The Sound Barrier, 1952.
Directed by David Lean.
Starring Ralph Richardson, Ann Todd, Nigel Patrick, John Justin and Denholm Elliott.
Fictionalized story of British aerospace engineers solving the problem of supersonic flight.
The Sound Barrier, directed by David Lean midway through one of greatest runs in film history, is the story of the bid to achieve supersonic flight told through a fictionalised conflation of true events. In Lean’s account, it’s Brit aircraft magnate Sir John Ridgefield (Ralph Richardson), aided by his test pilot son-in-law Tony (Nigel Patrick), who through obsessive single-mindedness shatters the perceived limits of jet engine technology. In reality it was USAF pilot Chuck Yeager, not any British airman, who first broke the sound barrier, but to Lean this detail is inconsequential. For his picture is not really about who shattered the record first at all. The Sound Barrier is rather a tale of Man’s need to test the boundaries placed upon him by nature, and of one man in particular’s all-consuming desire to craft a legacy. In moments, it feels like Lean’s Citizen Kane.
The Sound Barrier’s Kane figure, Ridgefield, is played with cold detachment by a BAFTA-winning Richardson, harsh and subdued in his portrayal of a man so possessed by an idea that he’s prepared to alienate everyone he holds dear for its sake. That includes his eager-to-please son (Denholm Elliott in an early role) and daughter Susan (Ann Todd), whose husband embarks on increasingly dangerous test flights in pursuit of his father-in-law’s dream. It leads to strain on Susan and Tony’s marriage, a subplot that persists as The Sound Barrier’s main dramatic weak point – but then that’s never the relationship that Lean and screenwriter Terrence Rattigan truly wish to explore anyway.
The Sound Barrier is instead most interested in the relationship between Man and the environment he seeks to conquer. Lean and Rattigan present a world of men putting their lives on the line for no more a reason than because breaking the sound barrier “simply has to be done,” and the pair do so with a surprising feminist slant. Like Lean’s subsequent classics The Bridge on the River Kwai and Lawrence of Arabia, The Sound Barrier is an almost all-male affair, but it’s a man’s picture seen through the eyes of an everywoman. Surrounded by fanatics, Susan is the film’s only major female character as well as its sole voice of reason, admonishing these aviation crusaders for treating life so cheap in the face of their progress.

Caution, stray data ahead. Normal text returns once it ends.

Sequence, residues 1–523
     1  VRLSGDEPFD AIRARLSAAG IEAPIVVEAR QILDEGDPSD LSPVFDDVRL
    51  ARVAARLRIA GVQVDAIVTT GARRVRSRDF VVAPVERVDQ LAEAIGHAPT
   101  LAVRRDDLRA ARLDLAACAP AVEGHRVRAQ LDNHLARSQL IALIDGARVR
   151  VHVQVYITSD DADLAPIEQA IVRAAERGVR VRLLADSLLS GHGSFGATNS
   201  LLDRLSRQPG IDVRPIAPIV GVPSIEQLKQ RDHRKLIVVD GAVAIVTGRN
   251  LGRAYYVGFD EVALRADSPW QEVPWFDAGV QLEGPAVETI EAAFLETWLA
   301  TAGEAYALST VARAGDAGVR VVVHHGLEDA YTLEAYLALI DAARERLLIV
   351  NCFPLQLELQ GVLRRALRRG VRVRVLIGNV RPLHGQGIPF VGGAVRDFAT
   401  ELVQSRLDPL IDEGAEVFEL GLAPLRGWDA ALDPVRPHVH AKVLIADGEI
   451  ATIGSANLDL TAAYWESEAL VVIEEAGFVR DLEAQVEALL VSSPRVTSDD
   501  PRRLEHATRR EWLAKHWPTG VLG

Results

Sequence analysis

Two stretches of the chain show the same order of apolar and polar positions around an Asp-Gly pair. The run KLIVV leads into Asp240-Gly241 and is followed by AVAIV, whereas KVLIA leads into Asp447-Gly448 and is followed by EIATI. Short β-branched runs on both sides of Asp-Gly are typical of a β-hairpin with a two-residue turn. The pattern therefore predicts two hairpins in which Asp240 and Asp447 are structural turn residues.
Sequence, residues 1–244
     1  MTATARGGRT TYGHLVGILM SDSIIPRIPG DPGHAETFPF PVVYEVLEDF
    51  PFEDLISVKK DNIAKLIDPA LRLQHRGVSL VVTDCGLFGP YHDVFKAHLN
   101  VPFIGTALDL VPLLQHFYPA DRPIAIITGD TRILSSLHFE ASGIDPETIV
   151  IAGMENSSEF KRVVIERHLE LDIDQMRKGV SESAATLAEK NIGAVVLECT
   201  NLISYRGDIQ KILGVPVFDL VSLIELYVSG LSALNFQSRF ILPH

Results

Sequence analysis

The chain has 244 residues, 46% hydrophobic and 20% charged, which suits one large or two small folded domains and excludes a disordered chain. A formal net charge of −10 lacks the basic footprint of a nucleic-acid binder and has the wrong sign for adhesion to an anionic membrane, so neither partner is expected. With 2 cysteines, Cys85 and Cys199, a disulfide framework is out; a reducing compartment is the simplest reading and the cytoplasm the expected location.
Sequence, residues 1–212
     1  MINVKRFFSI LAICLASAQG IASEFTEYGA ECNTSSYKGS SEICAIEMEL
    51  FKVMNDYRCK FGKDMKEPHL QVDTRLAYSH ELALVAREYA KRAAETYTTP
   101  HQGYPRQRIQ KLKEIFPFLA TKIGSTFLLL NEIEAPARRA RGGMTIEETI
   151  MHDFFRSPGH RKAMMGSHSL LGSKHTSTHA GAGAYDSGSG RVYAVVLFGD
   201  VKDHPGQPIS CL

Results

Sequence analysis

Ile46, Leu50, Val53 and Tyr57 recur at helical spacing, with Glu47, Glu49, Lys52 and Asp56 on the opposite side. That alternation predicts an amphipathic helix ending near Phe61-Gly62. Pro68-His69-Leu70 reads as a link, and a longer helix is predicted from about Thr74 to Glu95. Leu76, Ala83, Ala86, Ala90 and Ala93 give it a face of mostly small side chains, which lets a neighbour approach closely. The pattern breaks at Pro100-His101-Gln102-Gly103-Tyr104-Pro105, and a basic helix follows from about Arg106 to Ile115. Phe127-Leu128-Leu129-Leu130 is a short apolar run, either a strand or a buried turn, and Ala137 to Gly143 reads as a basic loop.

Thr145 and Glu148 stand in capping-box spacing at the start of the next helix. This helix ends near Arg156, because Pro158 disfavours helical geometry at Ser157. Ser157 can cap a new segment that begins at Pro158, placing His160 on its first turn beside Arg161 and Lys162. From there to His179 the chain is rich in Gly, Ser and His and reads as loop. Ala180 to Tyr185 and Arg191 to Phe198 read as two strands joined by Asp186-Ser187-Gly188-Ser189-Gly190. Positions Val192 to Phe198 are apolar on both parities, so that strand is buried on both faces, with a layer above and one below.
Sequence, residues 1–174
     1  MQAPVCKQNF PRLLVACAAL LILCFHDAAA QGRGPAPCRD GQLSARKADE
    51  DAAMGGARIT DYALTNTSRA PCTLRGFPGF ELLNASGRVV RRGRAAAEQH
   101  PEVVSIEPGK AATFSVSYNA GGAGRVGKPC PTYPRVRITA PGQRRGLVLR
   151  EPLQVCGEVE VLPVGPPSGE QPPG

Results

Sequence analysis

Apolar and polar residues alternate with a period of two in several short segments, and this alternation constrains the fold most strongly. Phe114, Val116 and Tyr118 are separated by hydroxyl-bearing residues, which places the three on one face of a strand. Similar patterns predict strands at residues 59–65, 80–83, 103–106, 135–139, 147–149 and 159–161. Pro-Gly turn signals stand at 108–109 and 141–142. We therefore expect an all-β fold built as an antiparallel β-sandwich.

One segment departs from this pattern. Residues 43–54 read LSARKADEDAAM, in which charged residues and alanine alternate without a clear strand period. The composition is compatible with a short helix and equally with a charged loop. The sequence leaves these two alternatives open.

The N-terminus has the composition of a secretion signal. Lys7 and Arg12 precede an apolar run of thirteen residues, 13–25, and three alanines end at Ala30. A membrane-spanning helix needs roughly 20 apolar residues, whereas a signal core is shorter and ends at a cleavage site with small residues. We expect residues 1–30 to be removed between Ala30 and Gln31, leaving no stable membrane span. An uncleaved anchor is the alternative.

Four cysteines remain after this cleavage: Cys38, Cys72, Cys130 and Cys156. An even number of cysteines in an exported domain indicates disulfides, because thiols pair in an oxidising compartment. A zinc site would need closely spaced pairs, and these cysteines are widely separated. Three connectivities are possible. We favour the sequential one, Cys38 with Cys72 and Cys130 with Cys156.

Though the drama on the ground can be stagey, Lean’s film is energised whenever it takes flight. As characters look out of stifling interior scenes to the sky above, a place which in this film represents endless possibility, you get the sense that Lean is also with his film looking beyond cinema’s old styles to the possibilities of a then-rapidly-evolving art form. The Sound Barrier still has one foot in cinema’s past, with shaky back-projection, stuffy Hays Code-era sexual politics and its 4:3 aspect ratio (this was a few years before Lean became addicted to the widescreen format), but when it takes to the skies The Sound Barrier is as invigorating as any of Lean’s more ground-breaking works.
The aerial sequences are beautifully orchestrated by the perfectionist filmmaker, who shoots real historical aircraft at thousands of feet up. Malcolm Arnold’s majestic score cuts out in the flying sequences, with nothing but the symphony of jet travel to soundtrack cinematographer Jack Hildyard’s images. He gifts Lean some good ones: prototype fighters plummeting through an endless carpet of cloud; quaint English countryside incongruously interrupted by sleek aircraft of the future soaring overhead; Greek ruins and crumbling pyramids sat quietly below on a test flight from England to Cairo, remnants of once-great civilisations powerless but to watch as a new power progresses above.
The Sound Barrier and its own Kane of the skies both recognise that glory in the field of pioneering is fleeting. As Ridgefield and his team move closer to reaching supersonic speeds, the film looks increasingly to the stars. Even as he nears his goal on Earth, Ridgefield is already considering the viability of space travel. There are few genuine human moments in Lean’s film, but when he and Rattigan do occasionally give us a peak at the vulnerability beneath Sir John’s chilly veneer, we see the futility of trying to attain happiness in a field where the goalposts are constantly moving.
Flickering Myth Rating – Film: ★ ★ ★ ★ / Movie: ★ ★ ★
Brogan Morris – Lover of film, writer of words, pretentious beyond belief. Thinks Scorsese and Kubrick are the kings of cinema, but PT Anderson and David Fincher are the young princes. Follow Brogan on Twitter if you can take shameless self-promotion.
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